GOP lawmaker: Mueller should 'come to Congress'

Republican Rep. Will HurdWilliam Ballard HurdGOP struggles with retirement wave Here are the lawmakers who aren't seeking reelection in 2020 Pelosi: GOP retirements indicate they'll be in the minority, with Democrat in the White House MORE (Texas) on Friday said he believes special counsel Robert MuellerRobert (Bob) Swan MuellerLewandowski says Mueller report was 'very clear' in proving 'there was no obstruction,' despite having 'never' read it Fox's Cavuto roasts Trump over criticism of network Mueller report fades from political conversation MORE should testify before Congress on the findings of his investigation into Russia's 2016 election interference.

Hurd, in an appearance on CNN, said Mueller testifying could “settle things.”

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“We’re talking about a report, one dude’s opinion of a report written by another dude. Let's have that dude that wrote the report come to Congress and talk about that and people get to ask him questions,” Hurd said. “And then, again, we should be talking about this disinformation strategy and how to deal with it in the future.” 

“You may be the first person who's ever called Robert Mueller a dude,” Berman said.

“No disrespect to the attorney general or Bob Mueller,” Hurd responded.

 

Hurd’s comments come as President TrumpDonald John TrumpTrump's top adviser on Asia to serve as deputy national security adviser United Auto Workers strike against GM poised to head into eighth day Trump doubles down on call to investigate Biden after whistleblower complaint: 'That's the real story' MORE has given various answers when asked whether Mueller should testify; most recently, he said it was up to Attorney General William BarrWilliam Pelham BarrTrump walks tightrope on gun control Feinstein calls on Justice to push for release of Trump whistleblower report Clarence Thomas, Joe Manchin, Rudy Giuliani among guests at second state visit under Trump MORE to decide.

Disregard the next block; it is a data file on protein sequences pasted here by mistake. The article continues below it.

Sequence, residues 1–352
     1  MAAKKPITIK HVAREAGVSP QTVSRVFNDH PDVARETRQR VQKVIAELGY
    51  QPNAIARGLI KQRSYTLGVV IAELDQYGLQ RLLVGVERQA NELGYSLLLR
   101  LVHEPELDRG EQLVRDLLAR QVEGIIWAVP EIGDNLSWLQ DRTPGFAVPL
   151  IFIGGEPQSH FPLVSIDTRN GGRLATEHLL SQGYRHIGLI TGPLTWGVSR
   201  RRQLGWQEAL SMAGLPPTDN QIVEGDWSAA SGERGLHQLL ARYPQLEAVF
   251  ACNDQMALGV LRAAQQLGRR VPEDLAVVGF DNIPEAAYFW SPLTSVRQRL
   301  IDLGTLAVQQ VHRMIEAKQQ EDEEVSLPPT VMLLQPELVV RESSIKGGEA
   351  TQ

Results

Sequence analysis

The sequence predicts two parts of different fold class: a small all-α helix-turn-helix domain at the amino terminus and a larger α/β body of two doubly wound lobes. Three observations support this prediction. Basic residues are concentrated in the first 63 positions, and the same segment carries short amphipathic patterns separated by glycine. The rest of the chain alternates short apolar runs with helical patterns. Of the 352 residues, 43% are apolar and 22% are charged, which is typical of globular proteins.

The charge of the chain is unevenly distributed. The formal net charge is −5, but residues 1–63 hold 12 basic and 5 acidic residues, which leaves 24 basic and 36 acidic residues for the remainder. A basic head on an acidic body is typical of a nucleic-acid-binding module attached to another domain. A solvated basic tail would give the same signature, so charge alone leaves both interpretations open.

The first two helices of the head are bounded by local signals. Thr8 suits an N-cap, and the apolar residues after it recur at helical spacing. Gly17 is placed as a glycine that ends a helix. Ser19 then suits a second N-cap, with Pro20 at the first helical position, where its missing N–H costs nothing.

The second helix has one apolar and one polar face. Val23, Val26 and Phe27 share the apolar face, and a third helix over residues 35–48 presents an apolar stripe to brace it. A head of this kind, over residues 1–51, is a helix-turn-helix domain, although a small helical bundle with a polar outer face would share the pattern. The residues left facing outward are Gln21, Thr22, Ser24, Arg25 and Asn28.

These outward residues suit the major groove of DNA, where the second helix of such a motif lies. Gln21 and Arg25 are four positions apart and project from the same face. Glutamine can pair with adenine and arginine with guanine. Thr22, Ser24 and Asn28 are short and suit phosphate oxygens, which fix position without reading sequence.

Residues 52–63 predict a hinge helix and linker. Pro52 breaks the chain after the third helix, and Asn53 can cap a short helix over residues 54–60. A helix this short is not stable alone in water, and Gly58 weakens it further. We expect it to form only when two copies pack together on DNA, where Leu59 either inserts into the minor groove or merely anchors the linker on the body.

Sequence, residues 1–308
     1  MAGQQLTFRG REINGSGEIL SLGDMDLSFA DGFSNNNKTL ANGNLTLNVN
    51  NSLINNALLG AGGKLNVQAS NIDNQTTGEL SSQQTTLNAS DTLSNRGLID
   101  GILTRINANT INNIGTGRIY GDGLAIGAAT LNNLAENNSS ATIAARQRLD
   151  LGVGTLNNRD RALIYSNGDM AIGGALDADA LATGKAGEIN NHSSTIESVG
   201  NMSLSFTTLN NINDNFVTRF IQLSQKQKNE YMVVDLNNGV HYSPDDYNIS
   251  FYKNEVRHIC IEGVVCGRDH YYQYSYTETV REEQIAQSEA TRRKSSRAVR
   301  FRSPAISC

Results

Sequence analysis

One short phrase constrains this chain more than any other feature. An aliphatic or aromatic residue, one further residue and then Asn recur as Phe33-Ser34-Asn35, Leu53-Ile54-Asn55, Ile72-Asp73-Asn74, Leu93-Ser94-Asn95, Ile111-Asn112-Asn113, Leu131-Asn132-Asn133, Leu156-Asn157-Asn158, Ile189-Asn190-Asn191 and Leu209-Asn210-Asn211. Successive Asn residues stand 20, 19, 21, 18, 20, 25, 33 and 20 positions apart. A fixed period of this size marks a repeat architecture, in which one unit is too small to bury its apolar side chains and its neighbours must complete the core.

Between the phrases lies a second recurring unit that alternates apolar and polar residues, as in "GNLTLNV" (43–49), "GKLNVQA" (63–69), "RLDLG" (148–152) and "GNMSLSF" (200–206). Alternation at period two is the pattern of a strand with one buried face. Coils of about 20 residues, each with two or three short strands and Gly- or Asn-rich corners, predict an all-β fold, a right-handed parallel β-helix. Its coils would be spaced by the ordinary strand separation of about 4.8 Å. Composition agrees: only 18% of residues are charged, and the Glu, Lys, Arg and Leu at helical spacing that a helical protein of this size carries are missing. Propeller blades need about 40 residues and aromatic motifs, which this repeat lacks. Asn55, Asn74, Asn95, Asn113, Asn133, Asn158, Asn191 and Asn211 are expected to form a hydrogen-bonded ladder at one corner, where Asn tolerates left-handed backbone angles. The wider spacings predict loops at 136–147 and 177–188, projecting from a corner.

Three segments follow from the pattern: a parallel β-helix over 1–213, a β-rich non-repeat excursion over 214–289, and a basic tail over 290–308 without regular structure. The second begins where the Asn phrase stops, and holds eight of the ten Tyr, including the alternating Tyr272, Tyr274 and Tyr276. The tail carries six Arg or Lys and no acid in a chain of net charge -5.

Some other House Republicans, including Rep. Doug Collins (R-Ga.), have previously called on Mueller to testify “immediately.”

Sen. Lindsey Graham (R-S.C.), the chairman of the Senate Judiciary Committee, initially indicated that he wouldn’t ask Mueller to testify, saying that the matter was “over.”

But he later sent a letter to Mueller asking if he would like to testify about any “misrepresentation” about a phone call he had with Barr after the four-page memo was released.

CNN host John Berman pressed Hurd about a subpoena issued to the Justice Department by the House Intelligence Committee this week for all counterintelligence and foreign intelligence materials related to the Mueller report and whether he thinks the agency should be held in contempt if it fails to comply.

“The contempt question, I think, we’re ways away from that,” Hurd said. “I think that this is a good sign that there’s bipartisan support on trying to get to uncover this information and why is this important.”

“Part of this is to get a better understanding of what the Russians were trying to do in our elections so that we can prepare for it in the future,” Hurd said, so “that we can make sure that our intelligence services are doing what they need in order to collect information to prevent this from happening in the future.”

Updated at 9:35 a.m.